First posted on Educate the Young on 01/18/2013
Healthcare in the US is rapidly changing. We might not know exactly what healthcare will look like in 5-10 years but it definitely will be quite different from the model we have today. A good friend likes to say the “fee-for-service” model is a zombie…while it is still walking around, it is really dead and will be gone in the not so distant future. Quality, wellness and value are the terms we hear today and shareholders are now either battling or partnering to “acquire” as many patients as they can to ensure their survival and a seat at the table. This appears to be a good thing since the current care provision model has not been ideal.
With all this change going on around us, it begs the question, “What type of leadership is needed for success in these changing times?” Peter Pronovost’s wonderful post, Leadership qualities for a patient safety turn-around, called for a new type of healthcare leader – one that leads from the heart with love. Peter’s call reminded me of the time I spent with Lance Secretan and learning about his Higher Ground Leadership philosophies (see Healthcare Leadership of the Future Is About Inspiration) . Similar to Peter’s call, Secretan shares that:
…great leadership is not a formula or a program, it is a human activity that comes from the heart and considers the hearts of others. It is an attitude, not a routine…
In Secretan’s new book entitled, The Spark, The Flame, and The Torch, he continues his call for leaders that inspire versus motivate. As he astutely points out the definition of motivation is “to provide a motive to induce, incite or impel”. Motivational leadership moves people toward a goal set by the motivator. Secretan states that this is the “old story leader” – something we all have seen many times before. Yet the definition of inspiration comes from the Latin term “spirare” meaning spirit, to breathe or give life to. To be inspired means to love what we are doing and to be inspirational leaders, all of us must first find our own “Destiny, Character and Calling” – something that relies on leaders first finding our own personal true North Star and deciding what we want our lives to be about.
There seems to be more of this “new leader” talk in healthcare today. Dr. Robert (Bob) Rosen, the founder of Healthy Companies (http://healthycompanies.com/) and his team partner with CEOs and executive teams in helping build high-performing organizations. Over the years, Healthy Companies has interviewed or worked with more than 250 CEOs from 34 countries, including AT&T, Booz Allen Hamilton, ING Group, Macy’s, MedStar Health, New York Life, Northrop Grumman, Singapore Airlines, Toyota and more. They have built an extensive knowledge base of leadership best practices through research in the characteristics of successful CEOs and healthy companies.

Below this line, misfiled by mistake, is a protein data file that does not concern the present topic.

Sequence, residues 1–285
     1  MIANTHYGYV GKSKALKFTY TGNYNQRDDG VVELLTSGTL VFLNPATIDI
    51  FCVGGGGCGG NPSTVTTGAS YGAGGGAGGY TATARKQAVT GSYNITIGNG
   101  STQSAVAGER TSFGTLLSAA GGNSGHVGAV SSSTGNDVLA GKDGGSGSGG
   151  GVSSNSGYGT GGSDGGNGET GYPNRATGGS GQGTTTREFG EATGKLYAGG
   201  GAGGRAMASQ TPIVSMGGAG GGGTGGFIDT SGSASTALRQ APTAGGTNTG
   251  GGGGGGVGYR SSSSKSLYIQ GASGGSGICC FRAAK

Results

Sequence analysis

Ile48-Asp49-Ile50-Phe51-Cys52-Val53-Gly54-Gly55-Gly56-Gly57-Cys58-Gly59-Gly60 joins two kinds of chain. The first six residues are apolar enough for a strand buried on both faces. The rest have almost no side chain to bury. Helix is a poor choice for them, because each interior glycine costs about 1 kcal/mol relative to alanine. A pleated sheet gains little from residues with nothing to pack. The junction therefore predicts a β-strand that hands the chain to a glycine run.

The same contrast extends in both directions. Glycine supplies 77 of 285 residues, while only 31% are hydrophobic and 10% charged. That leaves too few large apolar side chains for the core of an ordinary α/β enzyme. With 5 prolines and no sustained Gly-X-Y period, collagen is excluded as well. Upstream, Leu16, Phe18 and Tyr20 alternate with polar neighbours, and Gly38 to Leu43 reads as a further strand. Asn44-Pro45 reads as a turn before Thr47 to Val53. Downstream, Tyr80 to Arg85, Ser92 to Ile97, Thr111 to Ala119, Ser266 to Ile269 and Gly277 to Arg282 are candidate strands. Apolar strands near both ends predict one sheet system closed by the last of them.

At a recent leadership development session, Bob shared his thoughts on leadership for the 21stcentury, challenging all of us around the premise of “Who you are drives what you do”. As Rosen and colleagues teach, healthy leaders of the 21st century will be “mindful” leaders that incorporate two important qualities in all their work:
- Open mindsets around self-awareness, broad-minded thinking, win/win mentality, we-centric
- Positive emotions based on hope, empathy, trust, gratitude
Open mindsets and positive emotions such as self-awareness, hope, empathy, trust and gratitude are qualities I believe inspire, versus motivate, people. I found Rosen’s thoughts similar to Secretan’s philosophies on Destiny, Character and Calling. Both Secretan and Rosen talk about a passion leaders must have for their work. Funny, this is also what Lucian Leape, the father of patient safety, has been telling us the last few years…healthcare leaders need to bring joy and meaning back into the workplace. The qualities Lucian talks about – being respected, supported and appreciated – are qualities that come through inspirational leadership, not motivational leadership. Four great scholars – Pronovost, Secretan, Rosen and Leape – all sharing similar thoughts on what type of leaders are now needed today – those that are driven by a higher calling, value all individuals in an organization, lead from the heart, and inspire all of us to do the healing work we came into healthcare to do.
Healthcare is definitely changing. Maybe the successful healthcare leader of the 21st century will also be changing. Maybe we are moving away from leaders who were driven by financial metrics and the volume of care provided while ignoring the quality and safety of the care provided. Hopefully that old leadership model will also be the zombie of the future.